First of all, with regard to the exclusion of health care and other sectors that are governed by an excessive number of compelling reasons of general interest, those are sectors which I think are better off being regulated on an individual basis, and it is also necessary that a horizontal framework directive be adopted for services of general interest, which clearly spells out the powers of non-central authorities, with a view to imposing rules on sectors of this kind for reasons of general interest.
Another sector I should like to touch upon is that of temporary employment. As you know, we reached a marvellous compromise on this very subject in this House four years ago, one that enjoyed broad support from us but has since been with the Council, frozen, for a long time. For the temporary employment sector too, the directive we came up with then and which struck a balance between protection and opening up markets, was a much better basis for imposing European legislation on the relevant sector with more accuracy and care, and I should like to ask Mr McCreevy to deliver on his commitment and to create legislation in the areas of health care and temporary employment that is different from this directive’s.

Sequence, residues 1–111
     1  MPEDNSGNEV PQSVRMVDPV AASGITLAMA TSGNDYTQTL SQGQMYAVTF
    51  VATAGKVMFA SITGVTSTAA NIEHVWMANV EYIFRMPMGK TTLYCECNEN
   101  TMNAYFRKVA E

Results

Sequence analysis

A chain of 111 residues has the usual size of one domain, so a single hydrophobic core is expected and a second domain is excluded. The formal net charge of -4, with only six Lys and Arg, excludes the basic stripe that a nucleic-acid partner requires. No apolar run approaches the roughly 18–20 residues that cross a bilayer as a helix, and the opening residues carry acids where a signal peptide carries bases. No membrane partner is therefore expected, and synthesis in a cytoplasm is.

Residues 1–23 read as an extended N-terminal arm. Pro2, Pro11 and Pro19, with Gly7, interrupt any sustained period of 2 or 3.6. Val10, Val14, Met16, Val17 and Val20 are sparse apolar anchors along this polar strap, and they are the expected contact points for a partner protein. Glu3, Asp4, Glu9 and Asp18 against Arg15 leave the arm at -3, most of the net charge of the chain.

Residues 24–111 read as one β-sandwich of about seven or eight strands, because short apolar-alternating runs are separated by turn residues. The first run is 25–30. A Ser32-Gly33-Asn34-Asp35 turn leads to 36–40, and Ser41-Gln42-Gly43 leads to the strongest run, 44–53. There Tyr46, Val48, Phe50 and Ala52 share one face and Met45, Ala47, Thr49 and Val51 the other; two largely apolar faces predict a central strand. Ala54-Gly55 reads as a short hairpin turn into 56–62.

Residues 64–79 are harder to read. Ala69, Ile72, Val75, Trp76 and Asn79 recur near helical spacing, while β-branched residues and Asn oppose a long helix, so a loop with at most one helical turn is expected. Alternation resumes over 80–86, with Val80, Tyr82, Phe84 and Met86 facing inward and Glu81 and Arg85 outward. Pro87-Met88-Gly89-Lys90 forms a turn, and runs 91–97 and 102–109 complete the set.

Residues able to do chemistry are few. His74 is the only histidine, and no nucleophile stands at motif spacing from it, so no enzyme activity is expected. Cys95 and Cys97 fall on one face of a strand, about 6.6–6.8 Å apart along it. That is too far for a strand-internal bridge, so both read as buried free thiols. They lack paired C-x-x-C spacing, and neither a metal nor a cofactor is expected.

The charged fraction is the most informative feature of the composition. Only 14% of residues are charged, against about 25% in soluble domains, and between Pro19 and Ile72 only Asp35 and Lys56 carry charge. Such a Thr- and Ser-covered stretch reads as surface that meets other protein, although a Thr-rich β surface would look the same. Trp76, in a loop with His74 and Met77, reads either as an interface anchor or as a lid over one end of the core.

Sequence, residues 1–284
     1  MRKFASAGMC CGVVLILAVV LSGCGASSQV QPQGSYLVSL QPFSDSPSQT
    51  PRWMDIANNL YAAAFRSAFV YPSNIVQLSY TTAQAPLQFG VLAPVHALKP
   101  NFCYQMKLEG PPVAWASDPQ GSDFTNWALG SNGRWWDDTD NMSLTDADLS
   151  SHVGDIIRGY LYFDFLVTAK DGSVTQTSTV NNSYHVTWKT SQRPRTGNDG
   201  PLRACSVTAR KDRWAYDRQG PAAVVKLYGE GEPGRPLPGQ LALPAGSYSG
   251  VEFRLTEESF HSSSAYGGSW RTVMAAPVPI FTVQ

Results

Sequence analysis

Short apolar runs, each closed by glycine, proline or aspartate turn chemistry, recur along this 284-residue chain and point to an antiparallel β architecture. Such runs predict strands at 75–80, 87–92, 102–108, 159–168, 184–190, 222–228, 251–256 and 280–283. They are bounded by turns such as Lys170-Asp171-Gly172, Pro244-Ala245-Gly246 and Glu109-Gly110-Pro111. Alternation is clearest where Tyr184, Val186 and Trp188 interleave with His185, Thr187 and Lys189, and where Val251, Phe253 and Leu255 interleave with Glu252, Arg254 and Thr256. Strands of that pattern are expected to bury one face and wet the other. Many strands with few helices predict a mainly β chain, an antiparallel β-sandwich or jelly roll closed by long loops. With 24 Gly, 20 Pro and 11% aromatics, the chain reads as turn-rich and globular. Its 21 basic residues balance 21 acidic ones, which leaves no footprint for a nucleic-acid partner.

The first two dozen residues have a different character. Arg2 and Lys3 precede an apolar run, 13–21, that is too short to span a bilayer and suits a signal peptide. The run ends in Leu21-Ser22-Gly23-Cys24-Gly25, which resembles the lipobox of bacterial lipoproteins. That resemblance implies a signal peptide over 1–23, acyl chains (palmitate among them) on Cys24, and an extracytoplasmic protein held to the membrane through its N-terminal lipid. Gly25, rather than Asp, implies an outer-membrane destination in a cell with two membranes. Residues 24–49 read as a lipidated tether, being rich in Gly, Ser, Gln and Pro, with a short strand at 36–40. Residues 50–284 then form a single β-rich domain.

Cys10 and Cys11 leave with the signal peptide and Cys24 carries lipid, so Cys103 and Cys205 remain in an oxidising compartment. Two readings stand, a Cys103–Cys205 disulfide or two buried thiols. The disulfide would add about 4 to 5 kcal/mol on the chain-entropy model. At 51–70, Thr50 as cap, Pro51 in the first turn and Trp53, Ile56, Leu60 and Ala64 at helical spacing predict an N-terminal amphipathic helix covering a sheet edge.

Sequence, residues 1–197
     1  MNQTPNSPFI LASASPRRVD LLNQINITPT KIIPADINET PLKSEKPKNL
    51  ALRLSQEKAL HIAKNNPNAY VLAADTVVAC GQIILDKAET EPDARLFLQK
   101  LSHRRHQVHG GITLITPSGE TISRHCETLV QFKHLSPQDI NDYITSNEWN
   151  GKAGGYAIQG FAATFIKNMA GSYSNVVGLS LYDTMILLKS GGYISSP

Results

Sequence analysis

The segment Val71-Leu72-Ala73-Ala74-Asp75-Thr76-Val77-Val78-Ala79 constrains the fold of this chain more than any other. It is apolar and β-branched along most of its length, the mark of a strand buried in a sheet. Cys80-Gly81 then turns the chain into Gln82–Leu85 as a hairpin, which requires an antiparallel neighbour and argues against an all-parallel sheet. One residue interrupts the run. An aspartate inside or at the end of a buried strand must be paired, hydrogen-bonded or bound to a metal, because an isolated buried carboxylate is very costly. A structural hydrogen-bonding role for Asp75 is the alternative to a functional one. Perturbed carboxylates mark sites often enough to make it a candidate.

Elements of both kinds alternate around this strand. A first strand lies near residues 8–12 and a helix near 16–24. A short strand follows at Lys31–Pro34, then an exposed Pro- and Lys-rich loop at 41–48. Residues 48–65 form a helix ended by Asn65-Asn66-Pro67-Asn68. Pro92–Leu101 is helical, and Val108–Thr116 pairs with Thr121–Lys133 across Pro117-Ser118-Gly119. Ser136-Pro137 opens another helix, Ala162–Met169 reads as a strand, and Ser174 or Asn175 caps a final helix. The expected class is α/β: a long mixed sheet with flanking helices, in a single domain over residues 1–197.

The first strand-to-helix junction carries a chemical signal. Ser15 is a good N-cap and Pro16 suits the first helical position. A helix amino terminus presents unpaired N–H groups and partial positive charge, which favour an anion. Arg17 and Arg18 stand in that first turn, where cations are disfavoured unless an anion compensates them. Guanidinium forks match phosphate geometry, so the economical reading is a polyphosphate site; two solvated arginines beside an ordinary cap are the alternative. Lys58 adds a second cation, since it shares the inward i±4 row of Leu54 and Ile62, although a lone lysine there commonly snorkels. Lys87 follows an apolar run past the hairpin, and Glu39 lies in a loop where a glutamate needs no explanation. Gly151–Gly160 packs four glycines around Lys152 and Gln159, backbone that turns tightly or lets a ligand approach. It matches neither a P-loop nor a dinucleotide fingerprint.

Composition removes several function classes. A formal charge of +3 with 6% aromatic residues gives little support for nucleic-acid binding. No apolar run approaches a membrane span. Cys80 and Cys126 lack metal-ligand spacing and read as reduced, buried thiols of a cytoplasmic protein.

Luisa Fernanda Rudi Ubeda (PPE-DE). – (ES) Mr President, Commissioner, there has been much talk this evening about the need to open up the services market in the European Union and also the need to remove obstacles to the achievement, or implementation, of some of the objectives of the Lisbon Strategy. To this end, this services directive is not just a necessary instrument but also an essential one.
What requirements should this directive, this text, have in order to fulfil the role we have set for it, however? In my view, firstly, it should set some clear criteria, which provide everybody with legal security, both consumers and entrepreneurs and, in particular, small and medium-sized businesses, which make up the majority — some 80 or 90% — of the European Union’s business fabric. And furthermore, this text - which should offer legal certainty and, I repeat, be clear - needs to be applied to all of the countries of the European Union.